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Teacher education, research and practice: addressing the recruitment and retention crisis through the reassertion of professional judgement

By Blog Editor, IOE Digital, on 9 July 2024

Female teacher with a white bob haircut leans against a primary school classroom desk. Credit: Hero Images / Adobe Stock

Credit: Hero Images / Adobe Stock.

John Yandell

This commentary is adapted from John’s contribution to the ESRC Education Research Programme event, ‘Education after the election: Priorities for change’, which you can watch back, along with commentaries from speakers covering early years, schools, skills and higher education.

There is a crisis in teacher recruitment and retention in England. This is a long-term problem and there is no sign of it abating, or of any of the measures taken by the last government having had a long-term, meaningful impact in addressing it. In the current year, there is a significant projected under-recruitment of teachers in the primary sector and in the majority of secondary subject areas. Meanwhile, teacher attrition rates have risen back up to pre-pandemic levels. And there is worrying evidence that teaching has become less attractive because it conspicuously lacks the flexible working patterns that are available to graduates in most comparable jobs.

It’s clear that pay and workload are major drivers of this crisis – and that the new government is going to have to address these factors. Labour’s manifesto promises an extra 6,500 ‘expert’ teachers, but it isn’t clear how this increase will be achieved, nor how the problems identified in, for example, the NFER’s Teacher Labour Market in England Annual Report 2024 will be addressed.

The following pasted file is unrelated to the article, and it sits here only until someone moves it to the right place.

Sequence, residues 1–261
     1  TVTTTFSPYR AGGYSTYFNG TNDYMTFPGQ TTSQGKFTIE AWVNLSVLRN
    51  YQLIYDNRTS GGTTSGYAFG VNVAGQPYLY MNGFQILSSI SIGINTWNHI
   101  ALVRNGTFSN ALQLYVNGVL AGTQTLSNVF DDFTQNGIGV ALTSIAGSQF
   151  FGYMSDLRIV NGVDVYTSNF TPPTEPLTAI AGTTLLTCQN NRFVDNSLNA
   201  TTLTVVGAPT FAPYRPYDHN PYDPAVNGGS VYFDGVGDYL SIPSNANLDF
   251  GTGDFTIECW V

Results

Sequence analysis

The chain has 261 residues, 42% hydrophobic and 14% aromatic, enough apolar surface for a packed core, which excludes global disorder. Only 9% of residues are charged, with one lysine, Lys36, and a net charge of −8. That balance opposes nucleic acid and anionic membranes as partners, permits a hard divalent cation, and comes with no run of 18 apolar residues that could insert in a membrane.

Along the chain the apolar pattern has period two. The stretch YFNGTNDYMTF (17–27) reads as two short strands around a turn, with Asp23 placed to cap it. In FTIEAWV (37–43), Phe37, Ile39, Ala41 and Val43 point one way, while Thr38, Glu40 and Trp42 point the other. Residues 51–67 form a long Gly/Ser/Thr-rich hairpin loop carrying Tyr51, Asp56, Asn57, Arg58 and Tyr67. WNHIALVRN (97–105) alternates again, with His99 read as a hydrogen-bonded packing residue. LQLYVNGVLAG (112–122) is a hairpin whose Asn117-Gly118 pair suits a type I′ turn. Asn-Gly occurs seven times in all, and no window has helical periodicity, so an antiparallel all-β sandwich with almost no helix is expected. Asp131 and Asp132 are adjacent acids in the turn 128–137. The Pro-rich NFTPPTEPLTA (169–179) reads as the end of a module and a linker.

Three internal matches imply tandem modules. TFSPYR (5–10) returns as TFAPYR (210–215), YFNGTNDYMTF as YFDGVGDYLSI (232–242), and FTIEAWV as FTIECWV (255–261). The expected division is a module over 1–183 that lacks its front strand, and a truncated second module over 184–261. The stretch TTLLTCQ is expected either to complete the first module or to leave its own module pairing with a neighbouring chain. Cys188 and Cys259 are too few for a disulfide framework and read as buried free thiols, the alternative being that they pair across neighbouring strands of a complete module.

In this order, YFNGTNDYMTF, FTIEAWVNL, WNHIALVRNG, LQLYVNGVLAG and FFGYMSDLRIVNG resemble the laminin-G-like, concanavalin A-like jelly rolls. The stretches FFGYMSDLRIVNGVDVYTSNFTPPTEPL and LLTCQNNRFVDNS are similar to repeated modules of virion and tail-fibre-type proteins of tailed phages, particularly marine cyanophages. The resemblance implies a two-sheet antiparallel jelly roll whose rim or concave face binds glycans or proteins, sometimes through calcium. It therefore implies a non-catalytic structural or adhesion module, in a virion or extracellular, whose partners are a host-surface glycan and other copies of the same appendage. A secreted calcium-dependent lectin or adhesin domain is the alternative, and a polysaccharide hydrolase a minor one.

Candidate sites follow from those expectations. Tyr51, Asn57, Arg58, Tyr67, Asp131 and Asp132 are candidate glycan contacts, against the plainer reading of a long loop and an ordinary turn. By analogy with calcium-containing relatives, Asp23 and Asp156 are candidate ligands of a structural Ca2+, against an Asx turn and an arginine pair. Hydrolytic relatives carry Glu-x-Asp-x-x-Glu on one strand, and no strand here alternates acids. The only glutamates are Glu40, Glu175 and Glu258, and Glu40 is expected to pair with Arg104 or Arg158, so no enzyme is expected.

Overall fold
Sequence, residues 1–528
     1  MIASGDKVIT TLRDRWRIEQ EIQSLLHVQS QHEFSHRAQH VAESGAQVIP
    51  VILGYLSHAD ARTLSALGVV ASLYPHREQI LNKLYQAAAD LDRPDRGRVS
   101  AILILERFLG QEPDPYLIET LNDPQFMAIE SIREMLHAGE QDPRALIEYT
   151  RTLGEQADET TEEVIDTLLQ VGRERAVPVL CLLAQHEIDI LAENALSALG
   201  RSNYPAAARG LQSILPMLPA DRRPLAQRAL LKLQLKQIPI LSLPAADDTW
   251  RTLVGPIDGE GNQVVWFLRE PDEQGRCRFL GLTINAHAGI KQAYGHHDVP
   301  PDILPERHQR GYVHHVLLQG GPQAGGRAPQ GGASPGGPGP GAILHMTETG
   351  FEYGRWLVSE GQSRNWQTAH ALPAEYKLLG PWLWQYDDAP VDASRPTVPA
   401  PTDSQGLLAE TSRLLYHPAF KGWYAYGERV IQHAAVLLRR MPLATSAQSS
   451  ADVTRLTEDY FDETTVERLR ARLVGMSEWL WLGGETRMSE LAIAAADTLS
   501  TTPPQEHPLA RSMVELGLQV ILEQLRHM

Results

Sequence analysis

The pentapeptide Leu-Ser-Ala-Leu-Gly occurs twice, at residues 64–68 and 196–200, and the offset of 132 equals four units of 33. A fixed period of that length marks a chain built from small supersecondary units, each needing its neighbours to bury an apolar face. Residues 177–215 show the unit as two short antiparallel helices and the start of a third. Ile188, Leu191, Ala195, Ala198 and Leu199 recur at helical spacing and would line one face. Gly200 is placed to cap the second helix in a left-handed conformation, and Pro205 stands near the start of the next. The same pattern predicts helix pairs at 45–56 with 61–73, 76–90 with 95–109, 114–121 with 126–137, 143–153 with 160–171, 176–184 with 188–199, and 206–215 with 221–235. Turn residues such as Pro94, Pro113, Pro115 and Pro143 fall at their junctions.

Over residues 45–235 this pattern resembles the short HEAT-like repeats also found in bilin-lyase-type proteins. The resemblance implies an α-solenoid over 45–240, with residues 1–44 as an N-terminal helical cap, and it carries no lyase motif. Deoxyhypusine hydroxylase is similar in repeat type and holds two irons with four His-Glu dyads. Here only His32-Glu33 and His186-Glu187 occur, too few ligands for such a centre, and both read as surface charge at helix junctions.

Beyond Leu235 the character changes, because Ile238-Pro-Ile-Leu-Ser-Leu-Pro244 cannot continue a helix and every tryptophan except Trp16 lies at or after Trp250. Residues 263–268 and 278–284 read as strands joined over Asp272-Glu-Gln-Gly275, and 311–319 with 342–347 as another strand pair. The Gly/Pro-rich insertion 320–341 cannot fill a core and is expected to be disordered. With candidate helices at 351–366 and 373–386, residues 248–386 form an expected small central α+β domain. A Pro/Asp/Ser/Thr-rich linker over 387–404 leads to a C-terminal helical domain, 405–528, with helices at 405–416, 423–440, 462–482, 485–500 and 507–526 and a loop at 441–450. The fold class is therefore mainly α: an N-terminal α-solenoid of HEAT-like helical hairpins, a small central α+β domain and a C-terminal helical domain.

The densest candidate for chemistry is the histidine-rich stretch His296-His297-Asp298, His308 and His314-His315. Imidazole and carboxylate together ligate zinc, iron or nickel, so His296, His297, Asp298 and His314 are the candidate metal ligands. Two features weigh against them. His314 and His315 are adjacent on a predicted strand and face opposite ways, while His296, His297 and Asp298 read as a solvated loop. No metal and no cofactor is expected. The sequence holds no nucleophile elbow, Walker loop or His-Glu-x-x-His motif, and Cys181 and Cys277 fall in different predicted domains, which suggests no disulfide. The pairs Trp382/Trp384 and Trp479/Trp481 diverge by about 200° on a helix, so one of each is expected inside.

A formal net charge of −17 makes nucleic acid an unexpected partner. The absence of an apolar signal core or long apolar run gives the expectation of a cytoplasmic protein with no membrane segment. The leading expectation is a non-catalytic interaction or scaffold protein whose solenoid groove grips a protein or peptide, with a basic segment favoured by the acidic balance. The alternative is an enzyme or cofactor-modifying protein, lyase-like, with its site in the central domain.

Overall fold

But I want to focus on a different aspect of the problem, one that is less directly linked to economic factors (though it does have workload implications). I want to look specifically at initial teacher education (ITE) and the provision for early career teachers (ECTs). In doing so, I want to raise some broader questions of teacher professionalism, of government control and of academic freedom.

The Labour Party manifesto contains the following:

Teaching is a hard-earned and hard-learned skill, Labour will work to further raise its status. We will update the Early Career Framework, maintaining its grounding in evidence, and ensure any new teacher entering the classroom has, or is working towards, Qualified Teacher Status. We will introduce a new Teacher Training Entitlement to ensure teachers stay up to date on best practice with continuing professional development.

While I might be inclined to welcome the reassertion of the value of QTS, everything else in this paragraph signals continuity with the previous government’s policy. What it thus doesn’t begin to acknowledge is how extraordinary – extreme – that policy has been, particularly in the past five years.